By Troy Clarkson

The scourge of addiction continues to impact every village, every corner of our community. Nary a family has not been—in some way—touched by the fateful fingers of this disease. It is indeed a community challenge that requires a community solution.

This week marks 10 years that one community solution—Bill Dougherty’s Recovery Without Walls—has been changing lives and helping women find a way up and a way out. Ten years of solutions. Hundreds of lives beginning anew. Ten years of renewed hope. Hundreds of families beginning to heal.

When I highlighted the work of Bill and his nonprofit and what it means to the Falmouth community a few years back, I offered a simple but poignant overview that is even more powerful on this milestone anniversary:

“Caroline was wondering what life would throw at her next. Newly sober and ending her treatment program, she was committed to a life free of the gripping and powerful chains of addiction, but had no home, no job, and no direction. ‘I didn’t want a handout, but a hand up,’ said this vibrant and able woman as we chatted last week. Just when the gift of desperation that led her to her first days of sobriety was shifting into the curse of despondency and defeat, something happened that changed her outlook—and her young life.

“Bill Dougherty walked up to Caroline and handed her a $20 gift card to Dunkin’ Donuts and an offer of work. That was her hand up. Like he has done with so many other young women, Bill simply offered Caroline a chance to be a part of something. The clinicians and analysts call that the ‘attachment model,’ where newly sober people are engaged in a program that makes them ‘part of,’ that is, committed to the success of an organization, and in turn, themselves. I simply call it Bill’s gift.
“As the founder, director, driving force, cheerleader, energy, and optimistic force behind Recovery Without Walls, Bill Dougherty has helped hundreds of women get the hand up that Caroline talked about. The program, with a modest office on Gifford Street in Falmouth, provides as Bill calls it, a “bridge for women coming out of treatment.” That bridge acts as a pathway to housing, employment and engagement in recovery and the Falmouth community. Even the most optimistic statistics on substance abuse recovery tag a success rate of about 20 percent. Stated less optimistically but more realistically, a full four out of five people who embark on the journey of recovery typically don’t make it. Addiction is one of this nation’s most pressing public health issues. It is estimated that more than two-thirds of arrests nationwide can be directly linked to the use and abuse of drugs and alcohol. Numbers like that are what makes Bill’s gift—Recovery Without Walls—so special and so important. In its eight-year existence, close tracking and follow-up place the success rate of those who have been engaged in RWW at 74 percent, more than three times the national average. Success, for RWW participants, is defined by far more than sobriety, which is difficult and achievement enough standing on its own. Program participants are polled a year after they enter the program and are deemed successful if, in addition to sobriety, they have safe housing, are working in career-focused employment, pay taxes, and volunteer in their communities. Program participants have gone on to stellar colleges like Mt. Holyoke and Smith; they have attained professional licensure as clinical social workers. Bill’s goal is to go far beyond creating a pathway to sobriety. His goal when RWW started was to encourage participants to be good—and productive citizens. His goal, his dream, his gift is being fulfilled.”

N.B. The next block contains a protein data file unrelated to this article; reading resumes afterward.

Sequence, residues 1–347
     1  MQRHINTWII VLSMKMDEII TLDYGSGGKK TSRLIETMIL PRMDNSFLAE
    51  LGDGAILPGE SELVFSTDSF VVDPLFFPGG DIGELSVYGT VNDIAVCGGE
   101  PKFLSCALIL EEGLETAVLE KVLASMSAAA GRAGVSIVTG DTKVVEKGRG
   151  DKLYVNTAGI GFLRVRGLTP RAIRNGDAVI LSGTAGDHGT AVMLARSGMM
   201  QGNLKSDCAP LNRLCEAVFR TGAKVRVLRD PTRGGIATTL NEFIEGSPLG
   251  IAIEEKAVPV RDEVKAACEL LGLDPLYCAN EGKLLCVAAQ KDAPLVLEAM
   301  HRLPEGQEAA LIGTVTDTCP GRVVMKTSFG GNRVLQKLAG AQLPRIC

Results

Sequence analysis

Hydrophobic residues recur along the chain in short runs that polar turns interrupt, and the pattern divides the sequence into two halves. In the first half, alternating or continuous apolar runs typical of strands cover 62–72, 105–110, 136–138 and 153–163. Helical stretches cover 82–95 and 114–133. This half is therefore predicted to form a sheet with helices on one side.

The dream endures, the work ever-important, and the support needed now more than ever. Words of praise and gratitude have been flowing in since the anniversary date this week. One former beneficiary of the love and support of Bill’s gift noted in a Facebook post that, “You didn’t know it then, but when you made this choice that day, you made the choice that would someday save my life. For that I will be forever grateful, thank you my friend, for saving my life and continuing to grow this organization to save many many, many others. Thank you is an understatement, but the least I can do and say. To you and all of the volunteers that keep it going, thank you.” No slogan, advertisement or even a column like this can more powerfully convey the raw but ebullient emotion of someone whose life was saved by RWW.

But, of course, the work is far from over. There are hundreds, perhaps thousands, more stories in our region that need the hope and help of Bill’s gift, so this anniversary, although a cause for grateful reflection and celebration of a transformational accomplishment, is also a call to further action to support RWW and programs like it that, one story at a time, are turning around the sad tale of addiction in our community. Learn more at

Happy anniversary, Bill. Happy anniversary, Recovery Without Walls. Thank you for 10 years of the gift of hope.

This article appeared in Troy’s Take.